Features of MSN Programs

MSN programs include:

– BSN-to-MSN: This takes 2-3 years, needing a BSN and nursing experience. You can do it online or in-person with clinic training.
– RN-to-MSN bridge programs: RNs with an ADN or nursing diploma can do this 3- to 4-year program with BSN coursework. You can study online or in a mix of online and in-person.
– Direct-entry MSN: People with non-nursing bachelor’s degrees can do this accelerated program, finishing in 18 months to 3 years. You need to pass the NCLEX-RN exam at some point.

Other common requirements include transcripts, GPA, test scores, essays, and reference letters.

The MSN program trains students for advanced nursing careers like nurse practitioners, nurse midwives, nurse anesthetists, administrators, leaders, educators, and researchers.

Benefits of Earning a BSN or MSN

BSN-holders have many nursing jobs available, with good growth and starting salaries. An MSN can be worth the extra time. The table below explains the advantages of each degree.

Comparing Advantages Between BSN and MSN Degrees
Strong projected job growth of 7% Much stronger employment growth projection of 45%
Broad nursing preparation and knowledge base Opportunities to specialize and focus on patient populations
Intensive patient interaction Options to care for patients or pursue leadership and administrative roles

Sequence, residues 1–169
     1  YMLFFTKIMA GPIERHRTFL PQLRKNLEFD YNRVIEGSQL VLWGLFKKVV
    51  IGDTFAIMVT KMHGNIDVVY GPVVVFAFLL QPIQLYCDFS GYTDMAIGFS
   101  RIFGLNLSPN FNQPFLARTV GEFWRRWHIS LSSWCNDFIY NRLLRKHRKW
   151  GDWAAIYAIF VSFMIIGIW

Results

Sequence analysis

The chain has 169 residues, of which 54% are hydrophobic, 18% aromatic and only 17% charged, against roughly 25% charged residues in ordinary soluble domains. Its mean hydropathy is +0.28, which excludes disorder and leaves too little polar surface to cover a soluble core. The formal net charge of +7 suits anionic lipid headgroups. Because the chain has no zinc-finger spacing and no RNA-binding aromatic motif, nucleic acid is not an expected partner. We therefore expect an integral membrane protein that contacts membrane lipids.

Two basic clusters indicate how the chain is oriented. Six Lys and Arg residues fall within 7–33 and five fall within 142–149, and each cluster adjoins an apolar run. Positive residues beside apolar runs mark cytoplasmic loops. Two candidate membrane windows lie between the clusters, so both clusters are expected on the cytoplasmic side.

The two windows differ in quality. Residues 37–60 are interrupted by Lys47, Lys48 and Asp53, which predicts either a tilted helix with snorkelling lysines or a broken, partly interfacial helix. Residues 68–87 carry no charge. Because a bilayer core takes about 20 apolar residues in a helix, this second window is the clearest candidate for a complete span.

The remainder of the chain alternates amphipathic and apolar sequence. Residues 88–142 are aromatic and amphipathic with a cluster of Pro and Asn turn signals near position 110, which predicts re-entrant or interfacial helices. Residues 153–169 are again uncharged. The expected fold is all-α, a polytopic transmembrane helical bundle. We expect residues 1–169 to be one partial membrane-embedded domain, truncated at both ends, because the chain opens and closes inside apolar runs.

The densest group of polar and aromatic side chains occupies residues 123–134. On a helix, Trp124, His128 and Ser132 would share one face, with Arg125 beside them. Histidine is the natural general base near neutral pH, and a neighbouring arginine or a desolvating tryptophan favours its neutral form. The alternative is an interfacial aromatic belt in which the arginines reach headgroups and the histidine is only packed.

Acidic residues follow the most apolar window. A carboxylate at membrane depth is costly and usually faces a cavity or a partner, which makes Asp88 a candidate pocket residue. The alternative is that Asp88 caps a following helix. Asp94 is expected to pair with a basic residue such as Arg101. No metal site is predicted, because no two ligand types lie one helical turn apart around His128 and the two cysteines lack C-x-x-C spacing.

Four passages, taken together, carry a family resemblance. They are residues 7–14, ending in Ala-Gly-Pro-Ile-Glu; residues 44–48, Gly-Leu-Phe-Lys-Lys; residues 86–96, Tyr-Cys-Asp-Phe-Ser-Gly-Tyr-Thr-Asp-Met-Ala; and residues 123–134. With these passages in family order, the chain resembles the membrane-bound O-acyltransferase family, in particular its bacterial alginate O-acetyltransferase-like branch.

Preparation for graduate study Opens doors to doctorate-level nursing education
General education and nursing-specific didactic and clinical training Coursework in advanced nursing topics, management, leadership, research, and informatics
Potentially high salaries Six-figure incomes for most positions


Common Questions About Nursing Degrees

Do nurses with MSN degrees earn more than those with BSN degrees?

Nurses with MSN degrees typically earn higher salaries compared to BSN-holders. The lowest 10% of BSN nurses earn less than $53,000, while the highest 10% can earn over $116,000. On the other hand, the lowest 10% of MSN-educated nurses make less than $84,000, while the top 10% can earn more than $190,000.

What sets apart a BSN from an MSN?

Nurses with a BSN are licensed RNs who work alongside medical teams to care for patients. They can also take up leadership and management roles. MSNs open doors to advanced nursing roles, including specializations like anesthesia, midwifery, family nurse practice, and higher-level administration and leadership positions. MSNs can also venture into teaching and research.

What extra can an MSN offer over a BSN?

MSN-educated nurses have access to higher-tier positions in clinical practice, administration, and research. They can also earn advanced certifications in specialized areas and complete doctoral degrees more quickly. For instance, nurse practitioners with an MSN can work more independently, but the extent of this independence varies depending on state regulations.

Are BSN to MSN programs challenging?

Pursuing an MSN comes with difficulties, like managing advanced coursework and clinical rotations, although non-clinical options are available. Nursing students often invest long hours and might juggle work or other responsibilities while earning their degrees, which can be demanding.